One diverse and largely Latin American cast performs two plays at the Oregon Shakespeare Festival this season, offering opportunities for them, and us, to explore the complexity and richness of Latinx experience. Both productions are world premieres with deep connections to classic work that did not originally seek to explore the experiences of people of color—and both productions, in their way, carry those classic stories into new and fertile territory. Most excitingly, one of them is a fully bilingual invitation to English- and Spanish-speaking audiences to be in community in a radical way.
“Mother Road” opened at the top of OSF’s long-running season, the first Latinx play to be programmed in a season-long spot. The inspiration for the play came during a road trip commissioned by the Steinbeck National Center in preparation for a celebration of John Steinbeck’s classic novel, “The Grapes of Wrath.” In retracing the steps of the family in the novel along Route 66 from Oklahoma to California, playwright Octavio Solis began to notice the many connections between the white “Okie” migrants in Steinbeck’s story and Mexican farmworkers then and now.
In “Mother Road,” then, Solis conceives a journey from California back to Oklahoma. William Joad, an elderly cousin of Tom Joad (the protagonist of Steinbeck’s novel), comes to California looking for his only remaining kin, Tom Joad’s great-grandson, hoping to pass the family property in Oklahoma to him. It turns out that his last living relative, Martin Jodes, is a Mexican-American farmworker. Their road trip back to the family land in Oklahoma is filled with hardship and misunderstandings but ultimately helps them both see the many ways their experience and legacy are connected.
The play seeks to help audiences see these connections too. Although the final act solves the misunderstandings between the Anglo and Mexican characters a little too easily to be realistic, the metaphors of journey and solidarity still resonate. In the current environment of heightened racial antagonism and xenophobia, people are too often divided into literal and metaphorical camps that prevent us from seeing that we are related by blood and history. The play's journey along the "Mother Road" gives people of Mexican descent a place in American’s typically bleached iconography and invites audiences to reflect on the thin lines that separate those deemed dangerous from those whose anger and suffering we collectively treat as important and shared.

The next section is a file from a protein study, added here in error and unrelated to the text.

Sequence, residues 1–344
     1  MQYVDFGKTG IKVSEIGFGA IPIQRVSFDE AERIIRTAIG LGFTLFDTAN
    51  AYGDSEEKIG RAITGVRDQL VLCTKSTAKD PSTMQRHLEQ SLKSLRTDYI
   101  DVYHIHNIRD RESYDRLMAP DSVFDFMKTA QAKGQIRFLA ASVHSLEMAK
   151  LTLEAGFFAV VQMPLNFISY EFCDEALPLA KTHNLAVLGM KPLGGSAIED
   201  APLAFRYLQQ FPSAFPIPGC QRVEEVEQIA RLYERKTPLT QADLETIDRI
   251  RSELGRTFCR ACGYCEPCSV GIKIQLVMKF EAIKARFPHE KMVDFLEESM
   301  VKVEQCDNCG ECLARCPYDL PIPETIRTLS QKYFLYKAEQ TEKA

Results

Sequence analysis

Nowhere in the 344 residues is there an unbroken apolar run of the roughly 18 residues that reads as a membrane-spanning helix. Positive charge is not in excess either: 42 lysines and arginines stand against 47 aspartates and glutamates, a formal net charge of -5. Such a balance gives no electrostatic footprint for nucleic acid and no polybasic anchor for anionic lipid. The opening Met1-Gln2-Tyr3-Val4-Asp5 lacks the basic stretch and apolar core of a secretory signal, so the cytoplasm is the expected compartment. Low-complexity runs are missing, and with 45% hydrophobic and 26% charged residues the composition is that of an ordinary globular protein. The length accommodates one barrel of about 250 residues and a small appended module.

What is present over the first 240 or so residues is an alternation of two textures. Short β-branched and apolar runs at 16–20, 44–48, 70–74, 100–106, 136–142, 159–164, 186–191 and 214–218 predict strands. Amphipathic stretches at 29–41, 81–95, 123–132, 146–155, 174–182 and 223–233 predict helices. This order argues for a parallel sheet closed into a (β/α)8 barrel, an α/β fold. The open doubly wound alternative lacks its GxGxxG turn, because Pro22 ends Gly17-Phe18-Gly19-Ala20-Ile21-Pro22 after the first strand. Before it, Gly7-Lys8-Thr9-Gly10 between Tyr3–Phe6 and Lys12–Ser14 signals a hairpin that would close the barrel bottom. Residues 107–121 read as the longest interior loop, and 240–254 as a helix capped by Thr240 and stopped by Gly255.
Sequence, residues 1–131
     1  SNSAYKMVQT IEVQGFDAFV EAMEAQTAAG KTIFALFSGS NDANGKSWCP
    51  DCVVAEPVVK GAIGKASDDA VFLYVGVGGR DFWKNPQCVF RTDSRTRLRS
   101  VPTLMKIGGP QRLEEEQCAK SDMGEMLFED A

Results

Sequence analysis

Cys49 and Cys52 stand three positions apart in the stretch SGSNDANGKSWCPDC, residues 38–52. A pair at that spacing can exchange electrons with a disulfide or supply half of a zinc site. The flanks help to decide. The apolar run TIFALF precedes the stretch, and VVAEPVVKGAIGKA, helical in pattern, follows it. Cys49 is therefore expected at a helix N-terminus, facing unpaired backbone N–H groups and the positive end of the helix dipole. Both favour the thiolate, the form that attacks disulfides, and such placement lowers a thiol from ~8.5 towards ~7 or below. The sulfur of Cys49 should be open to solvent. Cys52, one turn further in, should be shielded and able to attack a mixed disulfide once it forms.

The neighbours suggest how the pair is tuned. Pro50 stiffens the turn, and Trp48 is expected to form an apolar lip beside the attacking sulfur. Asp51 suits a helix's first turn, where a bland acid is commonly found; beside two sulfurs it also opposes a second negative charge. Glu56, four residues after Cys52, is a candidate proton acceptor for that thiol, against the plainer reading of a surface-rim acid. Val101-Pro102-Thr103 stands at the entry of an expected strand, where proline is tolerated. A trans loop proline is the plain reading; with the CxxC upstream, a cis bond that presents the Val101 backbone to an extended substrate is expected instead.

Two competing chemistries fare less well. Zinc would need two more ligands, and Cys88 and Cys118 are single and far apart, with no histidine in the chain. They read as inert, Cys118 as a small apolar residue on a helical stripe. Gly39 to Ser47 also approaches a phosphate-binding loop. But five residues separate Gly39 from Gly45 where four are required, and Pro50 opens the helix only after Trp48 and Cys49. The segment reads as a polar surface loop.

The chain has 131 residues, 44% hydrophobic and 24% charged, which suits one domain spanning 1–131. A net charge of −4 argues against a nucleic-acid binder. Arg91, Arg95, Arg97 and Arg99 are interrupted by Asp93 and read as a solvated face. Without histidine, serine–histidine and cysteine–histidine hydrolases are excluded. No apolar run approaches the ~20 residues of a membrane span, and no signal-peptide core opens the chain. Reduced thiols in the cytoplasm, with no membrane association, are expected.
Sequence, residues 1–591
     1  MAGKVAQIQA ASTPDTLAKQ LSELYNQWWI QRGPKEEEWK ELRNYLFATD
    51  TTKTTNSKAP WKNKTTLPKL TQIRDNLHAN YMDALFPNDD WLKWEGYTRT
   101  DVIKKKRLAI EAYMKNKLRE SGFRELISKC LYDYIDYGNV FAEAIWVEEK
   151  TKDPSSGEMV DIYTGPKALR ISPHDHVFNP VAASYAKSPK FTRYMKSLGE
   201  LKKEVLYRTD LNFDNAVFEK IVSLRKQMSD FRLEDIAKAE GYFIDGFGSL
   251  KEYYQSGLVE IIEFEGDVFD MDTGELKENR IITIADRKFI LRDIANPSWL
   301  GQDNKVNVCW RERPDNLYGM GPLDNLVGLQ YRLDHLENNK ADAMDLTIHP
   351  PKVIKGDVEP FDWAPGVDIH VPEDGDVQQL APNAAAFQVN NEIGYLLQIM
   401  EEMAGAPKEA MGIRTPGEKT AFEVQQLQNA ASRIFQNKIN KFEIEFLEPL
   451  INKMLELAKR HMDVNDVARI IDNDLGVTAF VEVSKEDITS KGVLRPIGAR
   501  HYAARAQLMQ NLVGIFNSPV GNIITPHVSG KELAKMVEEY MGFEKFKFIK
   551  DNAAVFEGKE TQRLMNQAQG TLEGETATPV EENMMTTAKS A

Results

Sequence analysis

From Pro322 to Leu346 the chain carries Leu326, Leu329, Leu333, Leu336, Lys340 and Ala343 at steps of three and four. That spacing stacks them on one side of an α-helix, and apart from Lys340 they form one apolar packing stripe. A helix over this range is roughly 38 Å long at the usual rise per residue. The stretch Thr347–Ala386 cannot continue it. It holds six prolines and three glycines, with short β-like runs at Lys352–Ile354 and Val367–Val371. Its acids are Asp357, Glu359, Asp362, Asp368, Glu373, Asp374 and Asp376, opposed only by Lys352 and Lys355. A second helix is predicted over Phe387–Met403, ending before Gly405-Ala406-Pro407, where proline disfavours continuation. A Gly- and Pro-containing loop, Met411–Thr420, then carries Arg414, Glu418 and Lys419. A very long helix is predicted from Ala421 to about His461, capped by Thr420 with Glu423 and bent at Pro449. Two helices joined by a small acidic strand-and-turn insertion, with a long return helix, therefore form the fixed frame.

The same talented cast gets a real workout in the fully bilingual "La Comedia of Errors," which is one of my very favorite plays in this strong season at OSF. It's an adaptation of Shakespeare's "The Comedy of Errors," a story of two sets of identical twins who are separated in childhood due to a storm and later encounter each other in an extended comedic depiction of mistaken identity. The production is being performed on one of OSF's stages, but also in a rehearsal space and out in the community. The community performances are part of an effort at relationship building, and are offered for free.